Bhupen Khakhar (1934–2003) played a central role in modern Indian art and was a recognised international figure in 20th century painting. Active from the 1960s Khakhar was part of a lively new wave of narrative painting and figuration by artists in India that became known as the Baroda School. His practice evolved from the careful study of art from South Asian and European sources, even while he continued to work as an accountant part-time. After early experiments with Pop art Khakhar developed a style of painting that combined both high and low, popular and painterly aesthetics, cleverly subverting popular iconography. He confronted complex and provocative themes with candour: class difference; desire and homosexuality; and his personal battle with cancer. Also a writer, his critical observations and literary sensibility were evident in his sharp, often ironic depictions of difficult subjects.

Gallery
Bhupen Khakhar: You Can't Please All, 1981 © Estate of Bhupen Khakhar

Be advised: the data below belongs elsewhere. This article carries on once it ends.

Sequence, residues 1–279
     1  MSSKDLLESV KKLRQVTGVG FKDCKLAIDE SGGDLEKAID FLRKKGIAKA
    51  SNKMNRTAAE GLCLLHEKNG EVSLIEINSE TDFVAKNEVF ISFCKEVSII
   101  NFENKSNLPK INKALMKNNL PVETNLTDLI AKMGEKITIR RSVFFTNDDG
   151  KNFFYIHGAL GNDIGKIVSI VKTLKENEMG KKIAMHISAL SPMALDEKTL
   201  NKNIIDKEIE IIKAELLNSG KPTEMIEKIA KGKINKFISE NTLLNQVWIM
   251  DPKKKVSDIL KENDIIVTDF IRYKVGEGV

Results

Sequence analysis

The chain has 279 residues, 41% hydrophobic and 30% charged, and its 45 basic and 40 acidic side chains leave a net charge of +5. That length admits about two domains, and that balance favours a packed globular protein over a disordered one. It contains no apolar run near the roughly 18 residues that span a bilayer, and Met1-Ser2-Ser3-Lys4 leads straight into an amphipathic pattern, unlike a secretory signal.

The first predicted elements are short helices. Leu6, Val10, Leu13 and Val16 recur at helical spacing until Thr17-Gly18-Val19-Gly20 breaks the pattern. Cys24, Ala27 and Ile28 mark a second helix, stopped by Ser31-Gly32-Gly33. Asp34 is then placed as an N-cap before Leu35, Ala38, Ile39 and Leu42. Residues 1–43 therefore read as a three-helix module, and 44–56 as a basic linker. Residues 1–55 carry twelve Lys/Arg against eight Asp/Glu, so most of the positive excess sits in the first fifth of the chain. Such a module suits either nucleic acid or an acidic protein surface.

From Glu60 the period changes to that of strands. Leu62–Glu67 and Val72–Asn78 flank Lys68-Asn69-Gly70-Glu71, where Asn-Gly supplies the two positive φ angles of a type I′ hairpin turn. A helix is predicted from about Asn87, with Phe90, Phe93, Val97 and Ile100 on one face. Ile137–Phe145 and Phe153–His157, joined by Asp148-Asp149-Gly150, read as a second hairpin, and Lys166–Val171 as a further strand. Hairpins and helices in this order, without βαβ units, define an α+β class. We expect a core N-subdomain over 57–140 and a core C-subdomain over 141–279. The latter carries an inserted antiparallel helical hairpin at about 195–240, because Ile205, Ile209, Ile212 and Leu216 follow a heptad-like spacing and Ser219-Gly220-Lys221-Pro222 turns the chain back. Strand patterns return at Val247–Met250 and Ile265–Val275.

Interview
“Bhupen Khakhar: Painting the Truth” - An interview with the curator Nada Raza © Anthony Stokes
Film
“Bhupen Khakhar: You Can´t Please All” - Tour of the exhibition
Catalogue
The catalogue to the exhibition
Upcoming events
  • My paintings are incomplete without figures«, Podiumsdiskussion

    16.02.2017, 7 p.m

  • You Can’t Please All – Queer Feminist Interventions at Museums,
    Podium discussion

    21.02.2017, 7 p.m.

Gallery
Bhupen Khakhar: You Can't Please All, 1981 © Estate of Bhupen Khakhar
Interview
“Bhupen Khakhar: Painting the Truth” - An interview with the curator Nada Raza © Anthony Stokes
Film
“Bhupen Khakhar: You Can´t Please All” - Tour of the exhibition
Catalogue
The catalogue to the exhibition